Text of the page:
The Vow

It had only been a few months since Emma’s dad had married Cynthia in their huge backyard in Ohio. The day before the wedding, Emma’s dad had sat with her on the back porch steps and gently asked, “You like Cynthia, don’t you?”

Emma had shrugged and played with a blade of grass, not wanting to look her dad in the eye. “She’s okay. I guess.”

“I know she can never take Mom’s place, but—”

At this, Emma had dropped the blade of grass and stared directly in her dad’s face. “I’ll never love her like Mom.”

Her dad had sighed. “Just give her a chance, okay honey?”

It hadn’t been too bad at first. Between soccer and choir and her friends, Emma could ignore Cynthia. That is, until the day Emma’s dad took her rock climbing at the Y right after Thanksgiving.

“You know how Cynthia grew up in Germany?” Emma’s dad tried to sound casual as he helped Emma fasten her harness. “Well, now her company is sending her there for two years.”

“Wow. I guess you’ll miss her.” Emma tried not to grin. With Cynthia gone, it would be just her and Dad . . . like before!

But Emma’s dad hesitated. He wrinkled his brow and turned her so he could look into her eyes. “Honey, we’re going, too. To Germany.”

Even though Emma’s feet were planted on the ground, she felt as though she were plunging to the floor from the top of the rock wall. “To Germany?” she whispered, hoping she had heard her dad wrong.

“I’m a writer, I can do that anywhere,” her dad explained. “And we’re enrolling you in an international school right after Christmas.”

So less than a month later, here Emma was, in Germany. She cracked open the window and craned her neck to see the spires of cathedrals and castles she couldn’t name as the frosty air bit her nose. A snatch of song drifted up from the street—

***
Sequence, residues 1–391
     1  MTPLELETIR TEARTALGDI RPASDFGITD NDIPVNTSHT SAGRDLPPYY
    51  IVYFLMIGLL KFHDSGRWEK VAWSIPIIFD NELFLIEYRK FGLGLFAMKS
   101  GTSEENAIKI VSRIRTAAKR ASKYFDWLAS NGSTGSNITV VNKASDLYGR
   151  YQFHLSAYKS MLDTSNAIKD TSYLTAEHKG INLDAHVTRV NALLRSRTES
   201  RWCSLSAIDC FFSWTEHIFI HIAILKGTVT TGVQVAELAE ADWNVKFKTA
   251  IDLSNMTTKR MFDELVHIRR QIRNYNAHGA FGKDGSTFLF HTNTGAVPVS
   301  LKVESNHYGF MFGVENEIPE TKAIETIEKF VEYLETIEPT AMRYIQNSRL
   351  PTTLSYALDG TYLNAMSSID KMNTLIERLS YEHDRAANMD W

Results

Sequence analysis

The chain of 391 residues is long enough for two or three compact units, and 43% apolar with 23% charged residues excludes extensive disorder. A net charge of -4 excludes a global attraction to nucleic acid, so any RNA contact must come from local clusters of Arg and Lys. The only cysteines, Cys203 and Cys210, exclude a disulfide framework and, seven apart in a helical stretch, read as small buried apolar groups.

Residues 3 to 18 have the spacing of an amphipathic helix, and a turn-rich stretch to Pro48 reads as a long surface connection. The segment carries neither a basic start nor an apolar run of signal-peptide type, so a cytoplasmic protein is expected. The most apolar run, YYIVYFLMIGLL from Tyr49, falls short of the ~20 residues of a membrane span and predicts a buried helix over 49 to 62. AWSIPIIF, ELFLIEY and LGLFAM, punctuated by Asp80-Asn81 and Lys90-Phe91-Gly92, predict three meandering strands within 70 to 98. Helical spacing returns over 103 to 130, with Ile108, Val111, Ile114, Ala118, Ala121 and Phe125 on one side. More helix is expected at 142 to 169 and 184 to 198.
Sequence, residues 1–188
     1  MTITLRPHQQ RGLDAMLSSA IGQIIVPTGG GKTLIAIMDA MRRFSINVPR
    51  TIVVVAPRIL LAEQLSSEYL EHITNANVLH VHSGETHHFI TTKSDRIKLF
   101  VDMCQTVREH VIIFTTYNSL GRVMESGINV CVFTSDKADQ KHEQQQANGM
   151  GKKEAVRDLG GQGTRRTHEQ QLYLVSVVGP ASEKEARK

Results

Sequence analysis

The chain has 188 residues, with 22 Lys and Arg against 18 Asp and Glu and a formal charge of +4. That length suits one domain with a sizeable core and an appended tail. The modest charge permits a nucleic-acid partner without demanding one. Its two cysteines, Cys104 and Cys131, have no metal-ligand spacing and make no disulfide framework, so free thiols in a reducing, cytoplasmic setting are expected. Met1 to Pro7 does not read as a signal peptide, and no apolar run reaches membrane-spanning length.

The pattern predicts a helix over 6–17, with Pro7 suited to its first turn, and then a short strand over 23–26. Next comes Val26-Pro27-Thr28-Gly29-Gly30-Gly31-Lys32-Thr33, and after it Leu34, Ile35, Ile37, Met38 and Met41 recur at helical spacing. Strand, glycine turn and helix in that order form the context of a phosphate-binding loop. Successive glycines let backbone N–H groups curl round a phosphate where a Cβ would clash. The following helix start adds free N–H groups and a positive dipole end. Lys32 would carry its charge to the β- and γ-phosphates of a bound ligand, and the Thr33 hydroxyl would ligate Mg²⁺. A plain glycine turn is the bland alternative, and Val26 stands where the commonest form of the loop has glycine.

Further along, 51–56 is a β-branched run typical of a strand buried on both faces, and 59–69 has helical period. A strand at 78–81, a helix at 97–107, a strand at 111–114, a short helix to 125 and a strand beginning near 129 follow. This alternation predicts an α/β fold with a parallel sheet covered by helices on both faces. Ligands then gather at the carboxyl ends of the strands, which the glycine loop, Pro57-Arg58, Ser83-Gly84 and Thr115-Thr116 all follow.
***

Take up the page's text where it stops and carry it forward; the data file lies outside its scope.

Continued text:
Stille Nach, heilige Nacht

She thought about her grandparents at home, putting up their Christmas tree without her. She thought about her best friends Lindy and Joy, putting on their Christmas play for the neighborhood without her. Emma had no one but a city full of strange people speaking a strange language. She scowled and muttered under her breath, “It’s all Cynthia’s fault.”

Emma decided she could never love Cynthia now. Never. She leaned further out the window and saw lights twinkling in the dusk. Then she felt a hand on her shoulder. Whirling around she saw Cynthia right behind her.

“That’s the Christkindlmarkt. It means Christmas Market.”

“I don’t need to learn German,” Emma said coldly, turning back to face the window.

But Cynthia continued, “The Christmas Market used to be my very favorite thing when I was a girl. C’mon, I’ll take you.”

Emma set her jaw and shook her head, but across the room, Dad muted his cell phone.

“I’m on a conference call, honey. You go with Cynthia.”

Sighing, Emma tugged on her jacket and hat and set out into the crunchy snow with Cynthia.

A group of girls about Emma’s age giggled as they passed, and one smiled and waved. Emma kept her head down.

“You’ll have to try some Lebkuchen,” Cynthia said smiling. “That’s gingerbread.”

Emma didn’t respond. But as they approached the market stalls crowding the city square, amazing smells of gingerbread and roasting chestnuts crept out to meet them.

“There’s the Tannenbaum!” Cynthia pointed across the market excitedly.

Emma gasped as she caught sight of a huge Christmas tree covered in lights and intricately carved stars, rising 50 feet above them.

“Oh, it’s beautiful!” Emma couldn’t help but exclaim.